Dec 1, 2017

Mrs Elton & Ms Bates: Compulsive Talkers or Comedic Relief?


How does humor work in Emma? Consider the many speeches made by Miss Bates or Mrs. Elton. What techniques does Austen use to make these characters look foolish. What contradictions, hypocrisies, or absurdities are put in their mouths? To what extent do we judge these characters negatively when we see that they are laughable?

Janice Millford
Dec 1, 2017

I feel for Miss Bates. She is just on the cusp of gentility. She lives well only by the gracious good will of the community. She has no guile, no ill will, but she does prattle. I think she feels she must be entertaining or risk being forgotten. Austen writes her so well......the hems, the pauses, the change of subjects but always Miss Bates is kind. Which, of course, is why we all recoil when Emma is cruel to her in an offhand manner. But our dear Miss Bates only answers quietly and with much better decorum than Emma showed by stating: "I will try to hold my tongue. I must make myself very disagreeable, or she would not have said such a thing to an old friend.” Very classy response by the mild Miss Bates.

Mrs. Elton descended upon Highbury with all the gloss of an ambitious, pushy and vulgar woman. She is determined to be THE person about whom all things revolve. She is quickly found out by Emma, Mr. Knightly and even Jane Fairfax. She does seem to love Mr Elton even if we, the readers, wonder why since it seems he married her for her 10,000 pounds, but other than that redeeming quality, she is all anyone would avoid in a social situation. Her speech is vulgar, she misquotes others including famous authors and she is convinced she alone can advise anyone on anything.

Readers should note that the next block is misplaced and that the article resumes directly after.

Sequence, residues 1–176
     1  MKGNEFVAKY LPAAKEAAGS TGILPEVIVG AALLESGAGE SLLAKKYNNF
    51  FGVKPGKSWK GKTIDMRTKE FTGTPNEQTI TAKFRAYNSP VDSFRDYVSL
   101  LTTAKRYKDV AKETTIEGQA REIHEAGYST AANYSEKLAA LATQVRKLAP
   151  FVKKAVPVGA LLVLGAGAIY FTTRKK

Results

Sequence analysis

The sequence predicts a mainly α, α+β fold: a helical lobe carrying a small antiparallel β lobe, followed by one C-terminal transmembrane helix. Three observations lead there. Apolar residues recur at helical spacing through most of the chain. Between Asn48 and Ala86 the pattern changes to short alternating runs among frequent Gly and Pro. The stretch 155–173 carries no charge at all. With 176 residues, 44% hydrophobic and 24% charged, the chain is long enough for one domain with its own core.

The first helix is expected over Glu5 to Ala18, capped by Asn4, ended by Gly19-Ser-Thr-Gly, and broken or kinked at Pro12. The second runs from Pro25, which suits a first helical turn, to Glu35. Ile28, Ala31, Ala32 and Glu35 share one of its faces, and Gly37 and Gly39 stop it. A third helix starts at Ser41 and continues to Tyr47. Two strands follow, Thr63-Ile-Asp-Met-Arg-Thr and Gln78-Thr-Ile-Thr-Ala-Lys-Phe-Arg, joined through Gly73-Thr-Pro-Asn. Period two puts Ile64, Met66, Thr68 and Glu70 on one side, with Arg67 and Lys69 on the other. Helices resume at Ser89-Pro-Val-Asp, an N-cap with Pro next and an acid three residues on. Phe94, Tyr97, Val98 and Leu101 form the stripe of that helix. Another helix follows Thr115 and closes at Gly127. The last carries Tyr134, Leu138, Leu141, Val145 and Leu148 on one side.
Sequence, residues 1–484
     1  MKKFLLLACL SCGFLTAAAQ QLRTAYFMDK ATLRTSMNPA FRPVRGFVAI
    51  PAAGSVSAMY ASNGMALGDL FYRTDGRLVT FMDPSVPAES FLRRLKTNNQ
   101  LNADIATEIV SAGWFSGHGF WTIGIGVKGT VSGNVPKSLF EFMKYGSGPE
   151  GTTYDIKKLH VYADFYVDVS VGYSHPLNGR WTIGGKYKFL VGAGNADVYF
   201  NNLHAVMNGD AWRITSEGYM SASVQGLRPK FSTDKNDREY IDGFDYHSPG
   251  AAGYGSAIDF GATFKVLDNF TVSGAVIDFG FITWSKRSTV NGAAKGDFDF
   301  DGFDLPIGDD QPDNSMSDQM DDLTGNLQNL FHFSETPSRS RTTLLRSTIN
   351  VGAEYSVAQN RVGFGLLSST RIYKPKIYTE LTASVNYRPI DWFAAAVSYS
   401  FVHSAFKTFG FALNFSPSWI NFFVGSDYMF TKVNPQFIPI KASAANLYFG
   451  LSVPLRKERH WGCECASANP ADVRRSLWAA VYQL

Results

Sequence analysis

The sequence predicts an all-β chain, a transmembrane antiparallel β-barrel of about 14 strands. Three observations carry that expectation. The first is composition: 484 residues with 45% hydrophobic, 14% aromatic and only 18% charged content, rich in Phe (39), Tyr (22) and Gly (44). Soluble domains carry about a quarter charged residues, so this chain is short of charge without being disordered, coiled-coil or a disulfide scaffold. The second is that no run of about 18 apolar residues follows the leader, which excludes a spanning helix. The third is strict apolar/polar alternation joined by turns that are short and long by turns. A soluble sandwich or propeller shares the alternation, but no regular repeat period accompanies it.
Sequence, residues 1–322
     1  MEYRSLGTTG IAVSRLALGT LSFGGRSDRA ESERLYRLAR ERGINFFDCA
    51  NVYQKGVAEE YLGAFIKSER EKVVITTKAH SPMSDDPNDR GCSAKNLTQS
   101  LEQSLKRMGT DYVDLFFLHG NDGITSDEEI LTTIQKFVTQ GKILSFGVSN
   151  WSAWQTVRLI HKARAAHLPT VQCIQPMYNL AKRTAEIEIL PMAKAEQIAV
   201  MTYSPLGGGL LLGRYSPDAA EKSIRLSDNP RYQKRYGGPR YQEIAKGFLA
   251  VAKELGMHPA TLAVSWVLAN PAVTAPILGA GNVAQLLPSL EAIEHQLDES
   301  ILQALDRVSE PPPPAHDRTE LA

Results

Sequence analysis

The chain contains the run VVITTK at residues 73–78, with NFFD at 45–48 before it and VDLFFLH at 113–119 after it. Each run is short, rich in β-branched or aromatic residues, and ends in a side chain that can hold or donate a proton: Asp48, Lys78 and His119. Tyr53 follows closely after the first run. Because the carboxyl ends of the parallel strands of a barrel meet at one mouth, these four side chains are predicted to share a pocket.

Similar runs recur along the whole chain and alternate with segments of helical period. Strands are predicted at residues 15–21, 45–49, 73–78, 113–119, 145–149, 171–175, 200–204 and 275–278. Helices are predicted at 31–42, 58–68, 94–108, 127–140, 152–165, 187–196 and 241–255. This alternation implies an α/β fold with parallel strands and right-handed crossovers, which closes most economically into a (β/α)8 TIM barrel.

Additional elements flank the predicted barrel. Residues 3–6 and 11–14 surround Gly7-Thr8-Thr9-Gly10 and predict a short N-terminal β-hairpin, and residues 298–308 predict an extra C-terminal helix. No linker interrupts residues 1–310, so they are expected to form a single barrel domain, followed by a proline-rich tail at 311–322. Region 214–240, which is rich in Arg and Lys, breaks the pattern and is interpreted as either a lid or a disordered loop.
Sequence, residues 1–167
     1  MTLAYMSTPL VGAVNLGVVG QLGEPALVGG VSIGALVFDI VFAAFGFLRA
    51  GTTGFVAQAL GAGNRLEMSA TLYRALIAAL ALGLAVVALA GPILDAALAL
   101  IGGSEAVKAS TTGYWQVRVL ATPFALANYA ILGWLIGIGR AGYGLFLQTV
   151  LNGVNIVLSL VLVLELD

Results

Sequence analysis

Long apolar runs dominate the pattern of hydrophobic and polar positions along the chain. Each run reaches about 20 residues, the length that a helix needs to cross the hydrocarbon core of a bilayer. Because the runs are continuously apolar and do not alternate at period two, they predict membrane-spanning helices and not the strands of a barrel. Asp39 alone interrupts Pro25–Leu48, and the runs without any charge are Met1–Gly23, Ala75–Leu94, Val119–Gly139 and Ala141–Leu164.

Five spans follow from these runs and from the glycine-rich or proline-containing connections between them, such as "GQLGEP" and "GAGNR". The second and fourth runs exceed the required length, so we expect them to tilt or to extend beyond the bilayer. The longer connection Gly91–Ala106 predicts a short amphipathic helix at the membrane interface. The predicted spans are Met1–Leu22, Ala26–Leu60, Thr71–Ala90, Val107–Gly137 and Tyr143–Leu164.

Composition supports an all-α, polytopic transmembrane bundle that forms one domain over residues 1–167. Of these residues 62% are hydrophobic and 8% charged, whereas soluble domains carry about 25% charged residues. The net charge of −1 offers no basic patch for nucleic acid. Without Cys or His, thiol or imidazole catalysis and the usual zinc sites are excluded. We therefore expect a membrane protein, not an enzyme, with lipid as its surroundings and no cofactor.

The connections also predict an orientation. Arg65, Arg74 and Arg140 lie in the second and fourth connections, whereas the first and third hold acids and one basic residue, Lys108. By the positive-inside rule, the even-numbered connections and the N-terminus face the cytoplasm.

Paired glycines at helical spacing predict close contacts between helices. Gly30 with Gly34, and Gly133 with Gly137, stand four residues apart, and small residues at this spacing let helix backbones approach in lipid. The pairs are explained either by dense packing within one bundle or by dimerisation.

She is like Mr. Collins in P&P-----she is best read as ridiculous.

Virginia Ogura
Dec 2, 2017

I agree Miss Bates is kind, but I wouldn't want to be forced to spend an extended period in her company. She tries soo hard, but you're never going to have a stimulating or even very interesting conversation with her. Mrs Elton is boorish and overbearing and ridiculous. I'd rather spend my time with a good book.

Dec 5, 2017

As in all her novels, Jane Austen finds humor in character. As a character-driven writer, she provides three-dimensional portraits that truly pop off the page. Whether it's the arrogant Mrs. Elton or the slightly dippy Miss Bates (or the buffoonish Mr. Collins in P&P or the affable Sir John Middleton in S&S), she nails the character type, portraying a unique foolishness for each of them. But none of them are ever complete fools. She finds the kindness, and vulnerability, in Miss Bates, and the hint of desperation in Mrs. Elton's pushiness.

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